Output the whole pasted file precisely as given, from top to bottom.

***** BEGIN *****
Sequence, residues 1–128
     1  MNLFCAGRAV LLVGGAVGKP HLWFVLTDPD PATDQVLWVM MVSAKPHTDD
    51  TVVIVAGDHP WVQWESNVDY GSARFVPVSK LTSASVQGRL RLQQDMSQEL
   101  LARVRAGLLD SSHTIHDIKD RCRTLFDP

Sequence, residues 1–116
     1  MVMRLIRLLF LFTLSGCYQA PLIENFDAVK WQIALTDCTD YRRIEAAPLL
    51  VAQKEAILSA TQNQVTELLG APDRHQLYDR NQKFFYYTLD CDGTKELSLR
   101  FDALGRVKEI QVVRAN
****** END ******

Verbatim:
Sequence, residues 1–128
     1  MNLFCAGRAV LLVGGAVGKP HLWFVLTDPD PATDQVLWVM MVSAKPHTDD
    51  TVVIVAGDHP WVQWESNVDY GSARFVPVSK LTSASVQGRL RLQQDMSQEL
   101  LARVRAGLLD SSHTIHDIKD RCRTLFDP

Sequence, residues 1–116
     1  MVMRLIRLLF LFTLSGCYQA PLIENFDAVK WQIALTDCTD YRRIEAAPLL
    51  VAQKEAILSA TQNQVTELLG APDRHQLYDR NQKFFYYTLD CDGTKELSLR
   101  FDALGRVKEI QVVRAN